People in need of shrewd, sane guidance take their troubles
Enough Is Enough: Weekly Meditations for Living Dysfunctionally, Finley’s second book, mimics traditional self-help texts and operates on the creditable premise that an eccentric personality gets attention—and results—much faster than an ordinary one does. Enough suggests “dysfunctional” mantras (“everyone hates a slow driver”); tips (“for guaranteed whining, it’s tone first, volume second, and content last”); and retorts (“you are lucky this is my bad habit. I could be a crack addict. I could be a compulsive gambler”). If the book doesn’t take violence into account when it recommends such strong feelings as “hate,” well, the audience—provided they’re not suffering actual mental disorders—should realize that homicidal rage is not in the spirit of self-help.
“In our country, we love dysfunctional people,” says Finley. “I think the more you act your problems successfully, the more successful you’re going to be…I think that this is good advice.”
“For example, Clinton,” she continues. “What was his big trip when he accepted the Democratic nomination? He had a film strip about how he had stood up to his drunken stepfather….I just feel now that he is so ACOA, he has to please everyone, and he is a successful guy. He’s the president. And I think that’s what we all should try to do.”
Our quirks, Finley believes, should be accentuated, not repressed. And, as she writes in Enough, “guilt is the most important emotion of all.” “A lot of people feel that they’re not supposed to feel guilty, but in my book I think that we can’t get enough guilt,” Finley says. “If you don’t have guilt, you’re a sociopath.”
Surprisingly—especially for a person featured in Re/Search’s high-decibel Angry Women—Finley is pro-self-help. She avoids addressing the notion that women, self-help books’ primary targets, often lack self-esteem and are conditioned to feel that they need to adjust their personalities. Enough‘s approach and Finley’s own discussion of it is almost completely non-gender-specific (save for one page suggesting that one should “be a bitch whenever possible”); the author takes a different tack when describing Americans’ hunger for counseling. “Economically, for people that can’t necessarily afford therapy or real help, [self-help books and programs are] less expensive,” she says. “It’s sort of like self-serve gasoline. But for me, I always go to full-service. I just like paying that extra quarter.”
Some proponents of self-help “have just gone too far, they just take advantage of people,” she adds almost as an afterthought. She won’t be putting on the angry woman persona today.
And that’s exactly what’s missing. Readers of Finley’s debut text, a 1990 collection of performance pieces called Shock Treatment, got a dose of poetic but visceral images of violence, sex, and tormented personalities. The audiences that attend her latest performance, “A Certain Level of Denial,” find, by Finley’s own definition, “not so much stand-up comedy as stand-up tragedy” on such topics as homophobia, straight white guys, and back-alley abortions; her vocal intonations communicate grief, pain, and vicious sarcasm. Conversely, the only startling thing about her undeniably hilarious and, yes, practical new book is how much it fails to disturb. After passionately lobbying for recognition of her cathartic and sometimes brutal art—performances, music pieces, and gallery exhibits—Finley seems to have taken the too-easy route to status quo success.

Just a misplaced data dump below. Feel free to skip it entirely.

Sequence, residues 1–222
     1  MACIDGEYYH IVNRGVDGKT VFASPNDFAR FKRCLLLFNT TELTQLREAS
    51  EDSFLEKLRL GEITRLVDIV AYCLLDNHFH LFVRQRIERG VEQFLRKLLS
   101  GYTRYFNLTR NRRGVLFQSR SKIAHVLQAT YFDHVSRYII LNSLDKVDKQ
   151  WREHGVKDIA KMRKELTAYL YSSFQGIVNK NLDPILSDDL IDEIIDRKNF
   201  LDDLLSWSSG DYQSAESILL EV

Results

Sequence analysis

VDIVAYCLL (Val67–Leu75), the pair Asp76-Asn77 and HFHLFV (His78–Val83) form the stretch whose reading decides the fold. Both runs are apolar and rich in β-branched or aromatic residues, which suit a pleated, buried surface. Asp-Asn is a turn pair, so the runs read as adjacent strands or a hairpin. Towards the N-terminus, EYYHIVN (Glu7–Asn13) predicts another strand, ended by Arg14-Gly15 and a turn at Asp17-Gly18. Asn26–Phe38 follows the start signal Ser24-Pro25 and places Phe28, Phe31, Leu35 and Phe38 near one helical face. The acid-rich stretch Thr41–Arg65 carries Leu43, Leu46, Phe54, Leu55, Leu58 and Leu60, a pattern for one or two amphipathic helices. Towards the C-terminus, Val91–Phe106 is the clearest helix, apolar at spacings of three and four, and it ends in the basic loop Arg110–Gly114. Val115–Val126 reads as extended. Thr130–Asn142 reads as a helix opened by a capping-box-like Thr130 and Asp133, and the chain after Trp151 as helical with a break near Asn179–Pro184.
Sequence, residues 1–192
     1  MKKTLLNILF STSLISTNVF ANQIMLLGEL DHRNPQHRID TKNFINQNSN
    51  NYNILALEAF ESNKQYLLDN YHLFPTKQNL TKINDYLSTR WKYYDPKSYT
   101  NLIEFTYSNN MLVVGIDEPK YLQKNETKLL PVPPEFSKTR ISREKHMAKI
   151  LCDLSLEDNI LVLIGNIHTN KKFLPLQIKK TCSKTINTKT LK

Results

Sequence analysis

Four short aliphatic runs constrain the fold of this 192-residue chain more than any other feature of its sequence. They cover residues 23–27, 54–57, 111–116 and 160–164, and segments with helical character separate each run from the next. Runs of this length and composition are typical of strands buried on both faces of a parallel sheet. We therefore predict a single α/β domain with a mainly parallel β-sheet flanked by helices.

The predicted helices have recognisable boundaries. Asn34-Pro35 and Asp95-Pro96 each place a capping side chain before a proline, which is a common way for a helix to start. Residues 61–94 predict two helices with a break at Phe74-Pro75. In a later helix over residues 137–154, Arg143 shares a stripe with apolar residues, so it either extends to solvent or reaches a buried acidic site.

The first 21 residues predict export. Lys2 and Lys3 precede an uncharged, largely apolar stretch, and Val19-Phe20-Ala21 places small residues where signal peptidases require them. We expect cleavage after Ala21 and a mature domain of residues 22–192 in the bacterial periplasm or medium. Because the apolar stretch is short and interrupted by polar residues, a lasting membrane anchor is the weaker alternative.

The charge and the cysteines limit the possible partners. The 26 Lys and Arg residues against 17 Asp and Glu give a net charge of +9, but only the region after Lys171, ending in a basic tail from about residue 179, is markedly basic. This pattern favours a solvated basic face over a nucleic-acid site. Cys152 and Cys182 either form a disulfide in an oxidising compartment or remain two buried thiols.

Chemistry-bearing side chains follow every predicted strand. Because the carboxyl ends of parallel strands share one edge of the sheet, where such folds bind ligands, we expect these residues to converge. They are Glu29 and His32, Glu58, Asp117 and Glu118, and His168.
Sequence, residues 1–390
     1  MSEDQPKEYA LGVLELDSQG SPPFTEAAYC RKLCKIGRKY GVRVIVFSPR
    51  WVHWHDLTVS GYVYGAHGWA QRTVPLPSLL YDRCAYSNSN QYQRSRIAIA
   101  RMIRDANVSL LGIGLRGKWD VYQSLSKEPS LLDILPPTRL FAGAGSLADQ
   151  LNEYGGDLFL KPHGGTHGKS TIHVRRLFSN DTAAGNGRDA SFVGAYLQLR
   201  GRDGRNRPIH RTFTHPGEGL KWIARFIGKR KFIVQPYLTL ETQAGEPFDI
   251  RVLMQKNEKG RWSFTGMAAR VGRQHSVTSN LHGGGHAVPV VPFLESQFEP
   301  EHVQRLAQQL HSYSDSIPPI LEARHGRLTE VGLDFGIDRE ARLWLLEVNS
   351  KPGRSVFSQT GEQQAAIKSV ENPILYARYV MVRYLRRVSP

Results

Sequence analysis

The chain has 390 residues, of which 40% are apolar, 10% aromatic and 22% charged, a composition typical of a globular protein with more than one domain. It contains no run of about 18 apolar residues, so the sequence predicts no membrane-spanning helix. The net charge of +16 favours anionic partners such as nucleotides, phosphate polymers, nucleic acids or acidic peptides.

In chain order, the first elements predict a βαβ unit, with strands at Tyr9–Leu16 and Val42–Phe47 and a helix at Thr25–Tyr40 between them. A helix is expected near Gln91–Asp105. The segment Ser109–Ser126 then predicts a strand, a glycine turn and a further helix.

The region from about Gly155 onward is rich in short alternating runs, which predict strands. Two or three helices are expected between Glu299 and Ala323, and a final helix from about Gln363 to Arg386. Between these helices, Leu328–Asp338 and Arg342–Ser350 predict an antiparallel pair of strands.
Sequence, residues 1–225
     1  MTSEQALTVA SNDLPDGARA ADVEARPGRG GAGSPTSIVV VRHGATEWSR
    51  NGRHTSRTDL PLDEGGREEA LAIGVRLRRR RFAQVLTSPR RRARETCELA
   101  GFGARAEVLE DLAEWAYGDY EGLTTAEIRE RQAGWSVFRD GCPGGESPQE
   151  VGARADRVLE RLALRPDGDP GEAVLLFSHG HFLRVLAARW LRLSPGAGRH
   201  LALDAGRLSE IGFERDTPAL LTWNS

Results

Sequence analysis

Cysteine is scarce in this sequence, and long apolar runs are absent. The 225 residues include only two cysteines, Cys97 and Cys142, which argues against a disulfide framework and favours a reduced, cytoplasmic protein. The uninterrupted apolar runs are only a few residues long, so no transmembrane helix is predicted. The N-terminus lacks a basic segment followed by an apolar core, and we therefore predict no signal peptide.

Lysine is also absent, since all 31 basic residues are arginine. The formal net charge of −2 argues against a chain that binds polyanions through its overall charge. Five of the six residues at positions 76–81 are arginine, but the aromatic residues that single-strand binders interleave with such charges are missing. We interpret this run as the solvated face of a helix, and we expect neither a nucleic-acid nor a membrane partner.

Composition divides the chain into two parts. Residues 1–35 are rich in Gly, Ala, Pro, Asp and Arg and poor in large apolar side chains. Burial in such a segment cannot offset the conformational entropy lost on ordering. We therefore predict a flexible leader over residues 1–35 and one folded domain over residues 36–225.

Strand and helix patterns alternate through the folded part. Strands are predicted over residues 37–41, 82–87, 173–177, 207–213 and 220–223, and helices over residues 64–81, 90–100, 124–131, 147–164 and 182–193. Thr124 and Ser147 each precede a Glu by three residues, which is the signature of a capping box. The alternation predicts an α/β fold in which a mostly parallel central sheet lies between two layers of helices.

In one of her “Denial” monologues, she passionately cries, “Sell out, sell out, sell out…get on HBO!” provoking ironic laughter among audience members, but she’s less ambivalent about “selling out” than most would probably guess. “I would love to have my work go more mainstream,” she asserts. “I’d love to have my performances on HBO, I’d love to have my own TV show—but those mediums just aren’t ready for me.”
Then again, maybe they are. The publisher of Enough Is Enough, Poseidon Press, is an imprint of mega-publishing house Simon & Schuster (in turn part of Paramount Communications). That’s a far cry from City Lights, the indie San Francisco house that published Shock Treatment. “It wasn’t like City Lights was interested in this book,” Finley maintains. “I don’t think this would be good for their image. They need to have things that are more Beat, this isn’t very Beat.”
Nor was the self-consciously arty City Lights her best bet for introducing subversive ideas to unwary consumers who’ve become, perhaps, slightly hazy on the details of her battle with Jesse Helms and the National Endowment for the Arts. Enough, with its short-attention-span format and intentionally amateurish cartoons, restates many of Finley’s complex themes in a way that’s accessible to folks who’d otherwise never sample her challenging prose-poems or contemplate her crude illustrations (“a lot of people think that they look so infantile—I do have a master’s in fine arts, and I kind of look at them as primitive line drawings”). She’s not having any of people who draw boundaries for the “fringe” and then tell her to stay there.
“I look at myself as just kind of this conceptual artist who’s been taking over different mediums and inverting them,” she explains. “With the self-help book, I still feel like I’m a conceptual artist, I’m doing something conceptually with it.”
“I think this is new, I think that, yeah, it is more mainstream, and I hope that it does reach suburbia,” she admits. “My big thing is, I would like to see this in the malls.”